In Thursday's press conference on the federal government response to the environmental disaster in the Gulf of Mexico, President Barack Obama was asked what he thought of criticism that his administration has reacted slowly to the crisis. His response was, "I'll leave it to you guys to make those comparisons."
Why? Leave it to anyone to draw their own conclusions, and draw them, they will.
Obama pushed back on the perception that his administration has failed to take charge, saying, "BP is operating at our direction" and acknowledged, "It's my job to get this fixed." But 38 days after explosions on the BP/Transocean Deep Water Horizon drilling platform released the oil plumes threatening the Gulf, the damage is done. At a critical time in his presidency, he gave critics—and supporters—reason to question him. Now, as the president heads down to Louisiana, he faces the charge that this is "Obama's Katrina."
Reality Is Perception
You can't compare the aftermath of Hurricane Katrina—with estimates ranging anywhere from 1,000 to 2,000 deaths—to the crisis in the Gulf. You can, however, compare Obama's reaction now to President George W. Bush's reaction then.
Bush committed the unforgivable sin of signaling to the country that the people of New Orleans weren't his priority. By contrast, in his presser Obama emphasized that the Gulf crisis has been his top priority since the rig exploded on April 20th—but how was anyone supposed to know?
Even if he's done everything possible, Obama's mostly behind-the-scenes response to the Gulf disaster has fueled the existing critique that he's a detached bureaucrat who "doesn't get it," and in this case, Obama hasn't done enough to combat that perception.
Thursday, Obama delivered a message similar to the one he offered in his May 2nd trip to the Gulf. Back then he said: "Your government will do whatever it takes, for as long as it takes, to solve this crisis."
Sounds good. The problem is that nearly a month later, no one remembers that he was there.
There's no way Obama can be on the scene of every disaster, but in the current political climate, he and his advisors have to stop assuming that once they've said "we're on the case," people will automatically feel secure.
The Buck Starts Here
It's strike two for Homeland Security Secretary Janet Napolitano. When she reacted to the Christmas Day bombing attempt by saying, "the system worked," Obama had to cut his Hawai'i vacation short and take over. Her new talking point, saying the feds have been in the Gulf "from day one" has been equally anemic.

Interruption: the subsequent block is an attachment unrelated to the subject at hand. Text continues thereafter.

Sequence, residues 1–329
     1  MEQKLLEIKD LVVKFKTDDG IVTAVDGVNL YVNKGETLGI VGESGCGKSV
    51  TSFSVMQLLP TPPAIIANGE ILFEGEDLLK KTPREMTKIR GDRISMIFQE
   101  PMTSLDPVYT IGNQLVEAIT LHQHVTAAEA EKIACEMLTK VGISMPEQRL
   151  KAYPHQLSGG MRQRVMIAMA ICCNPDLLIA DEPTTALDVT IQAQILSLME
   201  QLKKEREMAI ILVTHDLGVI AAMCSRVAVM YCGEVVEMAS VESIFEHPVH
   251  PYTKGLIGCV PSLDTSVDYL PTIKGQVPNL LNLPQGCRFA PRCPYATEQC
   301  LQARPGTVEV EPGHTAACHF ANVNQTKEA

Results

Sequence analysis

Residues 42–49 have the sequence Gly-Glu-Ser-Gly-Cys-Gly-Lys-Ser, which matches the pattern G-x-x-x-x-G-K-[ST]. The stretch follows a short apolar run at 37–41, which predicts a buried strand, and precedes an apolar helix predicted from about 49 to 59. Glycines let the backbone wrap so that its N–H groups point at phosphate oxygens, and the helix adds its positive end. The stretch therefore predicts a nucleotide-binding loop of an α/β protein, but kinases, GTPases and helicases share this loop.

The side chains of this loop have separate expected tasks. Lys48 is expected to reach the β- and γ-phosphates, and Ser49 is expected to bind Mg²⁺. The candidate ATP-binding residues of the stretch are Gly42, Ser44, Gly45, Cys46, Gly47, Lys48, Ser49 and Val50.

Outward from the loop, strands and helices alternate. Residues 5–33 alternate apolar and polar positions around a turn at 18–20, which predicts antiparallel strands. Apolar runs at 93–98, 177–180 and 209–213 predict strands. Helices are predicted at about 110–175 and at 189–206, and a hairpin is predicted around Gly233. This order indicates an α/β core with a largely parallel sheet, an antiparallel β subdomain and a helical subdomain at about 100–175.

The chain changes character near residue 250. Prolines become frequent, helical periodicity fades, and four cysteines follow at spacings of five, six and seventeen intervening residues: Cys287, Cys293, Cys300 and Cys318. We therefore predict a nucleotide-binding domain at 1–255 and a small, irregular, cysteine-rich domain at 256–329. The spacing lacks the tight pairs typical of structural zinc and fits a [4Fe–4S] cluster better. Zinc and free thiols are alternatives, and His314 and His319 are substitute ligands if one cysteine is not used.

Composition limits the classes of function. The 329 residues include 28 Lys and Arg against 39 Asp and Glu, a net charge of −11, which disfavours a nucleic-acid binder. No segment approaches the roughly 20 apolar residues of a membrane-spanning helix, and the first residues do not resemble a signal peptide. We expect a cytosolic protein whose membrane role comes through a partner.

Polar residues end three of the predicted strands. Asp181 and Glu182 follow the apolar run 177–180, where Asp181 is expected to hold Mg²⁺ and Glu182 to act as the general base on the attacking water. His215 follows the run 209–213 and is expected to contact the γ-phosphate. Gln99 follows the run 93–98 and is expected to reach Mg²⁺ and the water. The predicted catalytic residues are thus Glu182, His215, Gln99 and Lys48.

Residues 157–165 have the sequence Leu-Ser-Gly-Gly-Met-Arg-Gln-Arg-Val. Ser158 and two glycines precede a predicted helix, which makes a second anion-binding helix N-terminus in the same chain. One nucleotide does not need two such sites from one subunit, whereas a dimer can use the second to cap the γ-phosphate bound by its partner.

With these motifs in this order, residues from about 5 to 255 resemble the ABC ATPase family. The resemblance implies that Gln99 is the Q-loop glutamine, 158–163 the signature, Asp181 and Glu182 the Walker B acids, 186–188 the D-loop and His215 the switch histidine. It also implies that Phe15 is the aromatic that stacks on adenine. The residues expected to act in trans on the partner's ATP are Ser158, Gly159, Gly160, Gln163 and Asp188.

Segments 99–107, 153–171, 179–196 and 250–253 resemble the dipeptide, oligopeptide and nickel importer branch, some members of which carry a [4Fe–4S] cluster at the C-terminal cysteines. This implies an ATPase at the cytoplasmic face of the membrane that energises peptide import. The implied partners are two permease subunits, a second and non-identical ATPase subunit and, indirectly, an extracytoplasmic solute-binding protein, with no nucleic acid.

By now, Obama has to accept that he can't rely on surrogates to communicate his message. Secretary of State Hillary Clinton and Defense Secretary Robert Gates are notable exceptions—but most of Obama's domestic aides simply can't handle a microphone.
And if the president is willing to use federal power to mandate that all Americans purchase health insurance, then he'd better be willing to use it to take control of the response to an environmental disaster.
The average voter doesn't care if he inherited a hollowed-out Minerals Management Service from Bush, or about the 1990 Exxon Valdez law that places the liability for oil spills with the oil spillers. People have now seen the federal government take over General Motors to stem the collapse of the domestic auto industry. It's hard to make that case one day, then pull a Kathleen Blanco the next—quibbling among federal, state, local authorities and private enterprise while millions of gallons of oil gush into the ocean.
Early on, Obama appeared to be mollified by his announcement only weeks earlier that he would offer limited support to off-shore drilling as a means to reaching a compromise with Republicans on cap-and-trade legislation. But after getting over the initial, "oh, crap" moment, he should have realized that if he had been more aggressive toward BP in public, his support for drilling would have given him more, not less, credibility to crack down on BP. Fifty percent of Americans favor off-shore drilling and 46 percent oppose it, but everyone is against Earth-killing oil spills.
Ironically, by initially attempting to distance itself from the cleanup, the administration has associated itself with the aftermath. Had they been more public about their early efforts to deal with the disaster, they could have avoided the "Obama's Katrina" tag. No one thinks the president can single-handedly "plug the hole." They just want him to try.
Whether he likes it or not, the president's job is not just doing his job, but showing up in places and showing Americans over and over that he's doing his job. It should be a public relations no-brainer for a guy whose plane has sleeping quarters and an executive chef.
Today when President Obama arrives in the Gulf, he'll say and do all the right things and order will be restored—for now. But since the Gulf spill, Obama has delivered a National Press Club monologue, hosted a formal state dinner, given speeches on Wall Street reform, and traveled to political fundraisers. Surely, he had time in his schedule for another visit (or three) to the Gulf Coast.
If not for their sake, then for his.
David Swerdlick is a regular contributor to The Root. Follow him on Twitter.
David Swerdlick is an associate editor at The Root. Follow him on Twitter.